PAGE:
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 core / thread / resource parallellism direct use in code? 
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Joined: Thu Jan 17, 2013 4:38 pm
Posts: 53
"gates are cheap" - a philosophy that seems to be feeding the evolution of both gfx cards and multi-core CPUs.

The models in use today seem to be centered around totally separate logical entities: Everything that processes is self-contained.

There have been many models attacking this, including (and perhaps missing a few):
- Out-of-Order - executing along multiple paths and discarding wrong paths taken. Not visible for code.
- Power4(3? 2?)/ Parallax - round robin resource use, but separate register set for each core
- Pentium/Power5 - OO with best fit resource use, separate register set for each thread looking like a core
- Power5 and many others - many parallel cores only sharing IO logic, also incorporating threads
- VLIW - executing several instructions explicitly at the same time. Static approach.
- EPIC - like VLIW but being able to run parallel computations much like OO and pick one "path" at the end
- Transputers - more like a network/river of computing nodes? Don't know too much about them.

I'm kinda partial to the VLIW idea myself, but what I am wondering is: Have any architectures ever let a Master thread (MCP? :-) start and stop other hw threads (or suicide) that share the same register set?
I can see something like that get very messy - do you number the threads directly, or does the cpu have some list of free threads it will give you one from (and what happens if you ask for a new thread and none are available?)?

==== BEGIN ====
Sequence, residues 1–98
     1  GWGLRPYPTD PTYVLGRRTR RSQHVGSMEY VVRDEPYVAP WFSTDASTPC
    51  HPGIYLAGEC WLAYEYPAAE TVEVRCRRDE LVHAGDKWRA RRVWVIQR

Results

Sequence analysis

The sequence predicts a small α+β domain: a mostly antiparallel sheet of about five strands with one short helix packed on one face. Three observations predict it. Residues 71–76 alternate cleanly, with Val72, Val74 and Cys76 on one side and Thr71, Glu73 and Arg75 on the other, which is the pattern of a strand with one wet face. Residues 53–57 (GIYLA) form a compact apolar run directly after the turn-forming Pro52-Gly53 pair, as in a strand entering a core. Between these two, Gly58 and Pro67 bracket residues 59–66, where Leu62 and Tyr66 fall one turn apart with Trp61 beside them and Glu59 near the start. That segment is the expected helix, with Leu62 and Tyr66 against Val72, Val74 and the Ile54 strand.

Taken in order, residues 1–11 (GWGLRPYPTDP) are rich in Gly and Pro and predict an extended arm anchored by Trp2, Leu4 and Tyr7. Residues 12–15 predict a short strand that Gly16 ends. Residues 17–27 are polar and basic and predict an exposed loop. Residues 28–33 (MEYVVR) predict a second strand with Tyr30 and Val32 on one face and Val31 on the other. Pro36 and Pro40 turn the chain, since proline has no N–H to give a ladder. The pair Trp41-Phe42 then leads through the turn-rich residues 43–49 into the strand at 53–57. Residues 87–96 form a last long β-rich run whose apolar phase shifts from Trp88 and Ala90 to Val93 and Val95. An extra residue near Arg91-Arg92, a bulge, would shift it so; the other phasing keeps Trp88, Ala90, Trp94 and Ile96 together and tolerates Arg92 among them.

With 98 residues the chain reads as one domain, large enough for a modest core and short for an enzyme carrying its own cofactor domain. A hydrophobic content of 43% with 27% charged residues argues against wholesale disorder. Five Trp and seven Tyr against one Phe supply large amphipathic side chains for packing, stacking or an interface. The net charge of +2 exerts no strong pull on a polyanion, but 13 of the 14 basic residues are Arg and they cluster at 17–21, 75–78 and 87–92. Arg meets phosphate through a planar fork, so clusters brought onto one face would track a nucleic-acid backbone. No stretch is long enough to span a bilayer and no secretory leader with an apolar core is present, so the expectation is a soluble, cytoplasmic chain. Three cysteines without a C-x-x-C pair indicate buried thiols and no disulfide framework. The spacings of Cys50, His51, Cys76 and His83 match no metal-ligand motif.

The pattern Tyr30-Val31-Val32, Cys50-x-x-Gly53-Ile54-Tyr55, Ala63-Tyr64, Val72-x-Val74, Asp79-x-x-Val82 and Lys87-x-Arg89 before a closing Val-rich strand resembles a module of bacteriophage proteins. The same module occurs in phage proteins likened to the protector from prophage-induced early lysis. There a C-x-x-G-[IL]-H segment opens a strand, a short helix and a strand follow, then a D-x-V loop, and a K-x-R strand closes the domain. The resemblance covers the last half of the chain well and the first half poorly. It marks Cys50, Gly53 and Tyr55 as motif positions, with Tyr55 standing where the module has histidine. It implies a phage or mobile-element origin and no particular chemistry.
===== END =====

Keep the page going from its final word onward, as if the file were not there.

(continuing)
The programming model could be everything you have in a normal instruction set, but also something like
fork BranchTaken,r3
kill r8
wait r11
signal r9
merge r3
All of the above (except form) would probably have typical test or branch semantics (die-on-equal, die-always, kill-carry).

The idea of all this mess is to fork out as many paths as possible in your code at once and run them in parallel and terminate the dead ends and let the survivor get control. Much like you do with OO anyway, but sw controlled. I could envision a very convoluted loop that runs half(or something) a loop ahead of itself until it get a dependency on a previous result where it has to merge control.

(This rambling is so clear in my head, and so hard to put down in words...)

Tue Feb 05, 2013 5:23 pm

Joined: Wed Jul 24, 2013 10:17 pm
Posts: 3
Probably nobody has done this because it's incompatible with existing compilers.

Speaking as someone who has worked on compilers, the amount of work required to support this in a compiler would be very high.


Wed Jul 24, 2013 10:29 pm
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